Infection control is a crucial, though sometimes overlooked, component of health care. It’s been suggested that nursing home residents are at greater risk of developing infections than the general population. This can be tied to the congregative setting of the nursing home, as well as the comorbidities that many of the residents within the nursing home suffer from, making them more susceptible to outbreaks of infectious diseases. Therefore, implementing an infection prevention and control plan that minimizes the risk of infection facility-wide is essential.

Because the long-term care setting can pose an inherent risk to our residents, staff, and visitors, facilities are responsible for preventing infections before they start. The updated Requirements of Participation (RoP) pave the way for better clinical outcomes with the updated infection control requirements and expanded facility responsibilities. New requirements include:

  1. Antibiotic Stewardship (F-tag 881) which is a coordinated program that promotes the appropriate use of antimicrobials (including antibiotics), improves resident outcomes, reduces microbial resistance, and decreases the spread of infections caused by multidrug-resistant organisms. and
  2. Infection Preventionist (F-tag F882) which states the facility must designate one or more individual(s) as the infection preventionist(s) who are responsible for the facility’s Infection Prevention and Control Program (IPCP).

According to the Centers for Disease Control and Prevention, antibiotics are among the most frequently prescribed medications in nursing homes, with up to 70% of residents in a nursing home receiving one or more courses of systemic antibiotics when followed over a year. Studies have shown that 40–75% of antibiotics prescribed in nursing homes may be unnecessary or inappropriate, (CDC 2020). To help combat these statistics CMS defined seven core elements of an antibiotic stewardship program:

    • Leadership commitment
    • Accountability
    • Drug expertise
    • Action
    • Tracking
    • Reporting
    • Education


The new Infection Preventionist guidelines require that each facility has an Infection Preventionist who meets the following requirements:

    • Primary professional training in nursing, medical technology, microbiology, epidemiology, or other related field
    • Is qualified by education, training, experience or certification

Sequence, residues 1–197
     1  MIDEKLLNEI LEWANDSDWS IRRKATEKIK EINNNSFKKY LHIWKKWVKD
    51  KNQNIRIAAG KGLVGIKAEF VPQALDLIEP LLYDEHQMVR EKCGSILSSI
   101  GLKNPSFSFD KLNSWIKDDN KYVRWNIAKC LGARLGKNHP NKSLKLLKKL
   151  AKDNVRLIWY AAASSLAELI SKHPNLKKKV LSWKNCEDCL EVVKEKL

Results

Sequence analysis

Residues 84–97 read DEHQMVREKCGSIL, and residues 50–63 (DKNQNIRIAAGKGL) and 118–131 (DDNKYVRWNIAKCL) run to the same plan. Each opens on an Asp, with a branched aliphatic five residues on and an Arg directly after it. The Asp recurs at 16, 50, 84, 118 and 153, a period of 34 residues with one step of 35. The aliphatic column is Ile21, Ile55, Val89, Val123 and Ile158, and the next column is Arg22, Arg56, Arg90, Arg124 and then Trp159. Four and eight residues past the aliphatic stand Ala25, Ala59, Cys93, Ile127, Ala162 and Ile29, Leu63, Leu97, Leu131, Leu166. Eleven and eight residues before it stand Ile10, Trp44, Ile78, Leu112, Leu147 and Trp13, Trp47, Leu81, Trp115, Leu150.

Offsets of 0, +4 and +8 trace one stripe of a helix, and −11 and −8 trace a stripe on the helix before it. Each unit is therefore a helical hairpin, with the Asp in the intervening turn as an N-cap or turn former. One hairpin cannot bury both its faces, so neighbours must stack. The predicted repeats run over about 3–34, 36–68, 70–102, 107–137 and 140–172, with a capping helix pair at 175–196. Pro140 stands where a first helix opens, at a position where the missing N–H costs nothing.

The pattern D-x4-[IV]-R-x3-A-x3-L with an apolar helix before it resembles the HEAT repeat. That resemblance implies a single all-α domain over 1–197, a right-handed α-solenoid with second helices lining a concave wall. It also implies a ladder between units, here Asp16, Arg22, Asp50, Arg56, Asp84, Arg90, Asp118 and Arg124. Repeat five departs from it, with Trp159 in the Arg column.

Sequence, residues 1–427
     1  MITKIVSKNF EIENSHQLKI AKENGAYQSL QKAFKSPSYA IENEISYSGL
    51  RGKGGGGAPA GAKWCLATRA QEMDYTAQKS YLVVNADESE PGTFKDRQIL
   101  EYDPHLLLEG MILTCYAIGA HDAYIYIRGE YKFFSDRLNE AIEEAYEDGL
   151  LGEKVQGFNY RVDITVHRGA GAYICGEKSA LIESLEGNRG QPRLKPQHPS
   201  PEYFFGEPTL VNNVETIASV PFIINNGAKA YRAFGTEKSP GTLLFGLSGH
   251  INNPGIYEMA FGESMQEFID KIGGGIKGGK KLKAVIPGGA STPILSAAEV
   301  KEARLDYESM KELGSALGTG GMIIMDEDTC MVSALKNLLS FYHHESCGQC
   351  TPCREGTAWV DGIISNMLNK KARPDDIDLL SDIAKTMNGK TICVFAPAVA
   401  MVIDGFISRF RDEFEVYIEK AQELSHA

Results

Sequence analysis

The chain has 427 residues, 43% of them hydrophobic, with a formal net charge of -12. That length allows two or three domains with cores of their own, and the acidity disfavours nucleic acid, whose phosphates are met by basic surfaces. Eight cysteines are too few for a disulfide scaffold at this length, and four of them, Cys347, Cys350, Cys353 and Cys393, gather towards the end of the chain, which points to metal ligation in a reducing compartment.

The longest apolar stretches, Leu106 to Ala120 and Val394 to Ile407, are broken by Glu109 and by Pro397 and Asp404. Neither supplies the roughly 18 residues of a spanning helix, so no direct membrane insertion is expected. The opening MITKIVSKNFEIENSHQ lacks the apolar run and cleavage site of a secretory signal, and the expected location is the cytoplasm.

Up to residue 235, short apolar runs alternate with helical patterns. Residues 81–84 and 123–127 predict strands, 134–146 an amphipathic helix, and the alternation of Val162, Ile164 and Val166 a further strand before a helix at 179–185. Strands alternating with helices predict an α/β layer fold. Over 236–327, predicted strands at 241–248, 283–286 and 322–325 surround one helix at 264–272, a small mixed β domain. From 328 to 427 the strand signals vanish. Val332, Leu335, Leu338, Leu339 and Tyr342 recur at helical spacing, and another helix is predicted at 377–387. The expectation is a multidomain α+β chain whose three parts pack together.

• Works at least part-time at the facility
    • Has completed specialized training in infection prevention and control
    • Is a member of & reports to QAPI committee on the IPCP on a regular basis

Every infection control program should develop a well-defined written plan outlining the goals of the program, and include a process for performing a root-cause analysis of infection occurrences in the facility. The IP should use outcome-based measures for monitoring, using standard definitions and criteria for data collection. Policies should be reviewed annually to review the program’s effectiveness and to make necessary updates. Not only does tracking this information improve care, but it’s a great opportunity for your facility to review the effectiveness of the action plan interventions to determine whether the practice changes successfully corrected the issue or if there are additional areas for improvement. Areas of focus might include the following:

    • Surveillance of infection; understanding frequency and evaluating patterns
    • Analysis of infection data to establish infection rates
    • Monitoring for resistant organisms
    • Monitoring the use of antibiotics and identifying characteristics that increase the risk for infection
    • Establishing and monitoring compliance with infection control policies

Infection prevention and control is an integrated, responsive process that applies to all departments within the organization. It requires collaboration throughout the facility and the interdisciplinary team to develop, implement, and evaluate the program. Complying with the requirements and implementing effective strategies will help facilities reach their goals.






Blog by Jessica Cairns, RN, RAC-CT, CMAC, Proactive Medical Review

Learn more about Shelly and the rest of the Proactive team.